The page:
Polish Briefing 14 May, 2021 9:00 am   

Polish Briefing: Increase of CO2 emission allowances prices caused by speculation? | Poland’s NPP “later and smaller” than estimated


What goes on in Poland on the 14th of May.

MKiŚ: Speculation could have caused the increase in the prices of CO2 emission allowances

The prices of CO2 emission allowances have reached approx. EUR 55 per ton. Yesterday they dropped to 54 euro, which will mark new market lows for this instrument. In response to’s questions, the Ministry of Climate and Environment (MKiŚ) emphasized that although market and legal circumstances undoubtedly influenced the increase in prices, they do not justify such a sharp and significant increase. “Due to the fact that emission allowances are financial instruments, we do not rule out that the additional nature of these increases is speculative,” Ministry of Climate and Environment said.

In the commentary for MKiŚ stressed that the more ambitious requirements related to the environmental policy, in particular the climate policy and the related upward trend in the prices of emission allowances, are issues that are known to the participants of the emission allowance market. The prices of emission allowances have been systematically increasing for several years. The ministry emphasizes that the price hike in the last few months was significant, which could be caused by many factors. “First of all, it should be taken into account that 2021 is the first year of the new trading period under the EU ETS, in which the new rules of operation come into force. In addition, the settlement of emissions for the previous year could only be made with the use of emission allowances issued before 2021,” the Ministry explained.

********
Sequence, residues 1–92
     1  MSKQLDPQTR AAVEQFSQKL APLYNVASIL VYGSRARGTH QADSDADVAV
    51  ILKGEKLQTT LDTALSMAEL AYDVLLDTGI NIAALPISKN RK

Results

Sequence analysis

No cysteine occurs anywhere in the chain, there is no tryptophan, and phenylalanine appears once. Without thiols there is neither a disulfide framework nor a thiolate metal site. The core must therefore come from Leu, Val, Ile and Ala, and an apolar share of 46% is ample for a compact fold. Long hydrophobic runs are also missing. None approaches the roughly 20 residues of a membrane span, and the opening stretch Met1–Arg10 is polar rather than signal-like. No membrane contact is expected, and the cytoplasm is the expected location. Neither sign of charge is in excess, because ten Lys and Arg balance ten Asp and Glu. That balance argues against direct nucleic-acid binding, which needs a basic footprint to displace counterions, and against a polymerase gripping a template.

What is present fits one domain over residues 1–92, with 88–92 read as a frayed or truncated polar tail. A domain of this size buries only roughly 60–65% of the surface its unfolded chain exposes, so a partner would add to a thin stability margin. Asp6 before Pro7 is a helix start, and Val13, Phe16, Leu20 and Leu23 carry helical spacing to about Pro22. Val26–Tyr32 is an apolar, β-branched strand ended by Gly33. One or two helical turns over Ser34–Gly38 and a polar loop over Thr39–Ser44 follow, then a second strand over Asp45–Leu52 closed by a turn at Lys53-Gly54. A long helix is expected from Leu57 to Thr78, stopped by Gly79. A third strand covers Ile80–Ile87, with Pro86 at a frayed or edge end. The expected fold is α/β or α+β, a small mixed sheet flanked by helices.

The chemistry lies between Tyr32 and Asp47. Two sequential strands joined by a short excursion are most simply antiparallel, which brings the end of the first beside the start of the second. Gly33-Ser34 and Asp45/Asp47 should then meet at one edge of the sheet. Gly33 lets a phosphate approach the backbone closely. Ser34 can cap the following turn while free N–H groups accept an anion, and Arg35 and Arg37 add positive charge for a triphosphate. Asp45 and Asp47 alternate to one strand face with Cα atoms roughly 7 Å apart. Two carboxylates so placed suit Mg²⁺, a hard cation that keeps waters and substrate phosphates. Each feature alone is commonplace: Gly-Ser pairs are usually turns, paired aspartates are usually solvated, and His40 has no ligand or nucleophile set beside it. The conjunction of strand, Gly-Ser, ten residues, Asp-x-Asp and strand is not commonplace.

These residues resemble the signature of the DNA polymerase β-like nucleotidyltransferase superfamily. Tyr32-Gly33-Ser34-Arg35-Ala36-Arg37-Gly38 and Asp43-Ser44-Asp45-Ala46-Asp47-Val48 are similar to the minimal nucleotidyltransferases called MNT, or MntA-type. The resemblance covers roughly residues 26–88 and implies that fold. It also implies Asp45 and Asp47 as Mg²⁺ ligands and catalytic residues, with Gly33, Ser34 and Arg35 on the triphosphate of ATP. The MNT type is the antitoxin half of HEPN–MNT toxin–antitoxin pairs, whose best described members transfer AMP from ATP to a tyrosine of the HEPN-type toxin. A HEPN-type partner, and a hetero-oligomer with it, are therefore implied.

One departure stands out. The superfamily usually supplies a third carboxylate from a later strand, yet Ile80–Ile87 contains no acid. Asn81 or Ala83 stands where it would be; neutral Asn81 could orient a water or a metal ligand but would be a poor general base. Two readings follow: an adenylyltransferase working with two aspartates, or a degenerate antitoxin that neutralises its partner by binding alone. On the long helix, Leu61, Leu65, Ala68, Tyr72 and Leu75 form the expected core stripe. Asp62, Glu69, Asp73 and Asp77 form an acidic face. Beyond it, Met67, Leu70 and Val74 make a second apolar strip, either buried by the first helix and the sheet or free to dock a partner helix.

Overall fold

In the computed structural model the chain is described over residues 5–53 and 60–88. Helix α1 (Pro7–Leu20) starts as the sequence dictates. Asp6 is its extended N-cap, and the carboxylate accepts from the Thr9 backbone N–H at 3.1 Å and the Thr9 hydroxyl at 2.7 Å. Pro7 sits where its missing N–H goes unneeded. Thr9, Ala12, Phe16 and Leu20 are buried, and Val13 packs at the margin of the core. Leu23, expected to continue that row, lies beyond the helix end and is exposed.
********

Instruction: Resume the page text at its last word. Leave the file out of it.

ILF: The nuclear power plant in Poland will be later and smaller than assumed in the energy strategy

“Energia od nowa” (Energy from Scratch) – the report on Poland’s energy transformation prepared by ILF Consulting Engineers Polska emphasizes the important role of gas, offshore wind energy and nuclear power in achieving climate neutrality. However, according to the authors, the nuclear power plant will be built later and will have a smaller capacity than what the official energy policy states.

The report states that the transformation of the Polish energy industry is a difficult challenge, mainly due to the significant – currently reaching 70 percent – dependence on solid fossil fuels. It makes the wholesale price of domestic electricity the highest in the EU, and exceeds the European average by 50 percent.

The latest research from Harvard University and University College London shows that about 90 thousand people die in Poland as a result of air pollution, almost twice as many as estimated so far. Analysts emphasize that investments in wind farms, nuclear energy and distributed renewable sources, mainly photovoltaics, which – with approx. 1,600 hours of sunshine a year – have significant, still underestimated room for growth in Poland.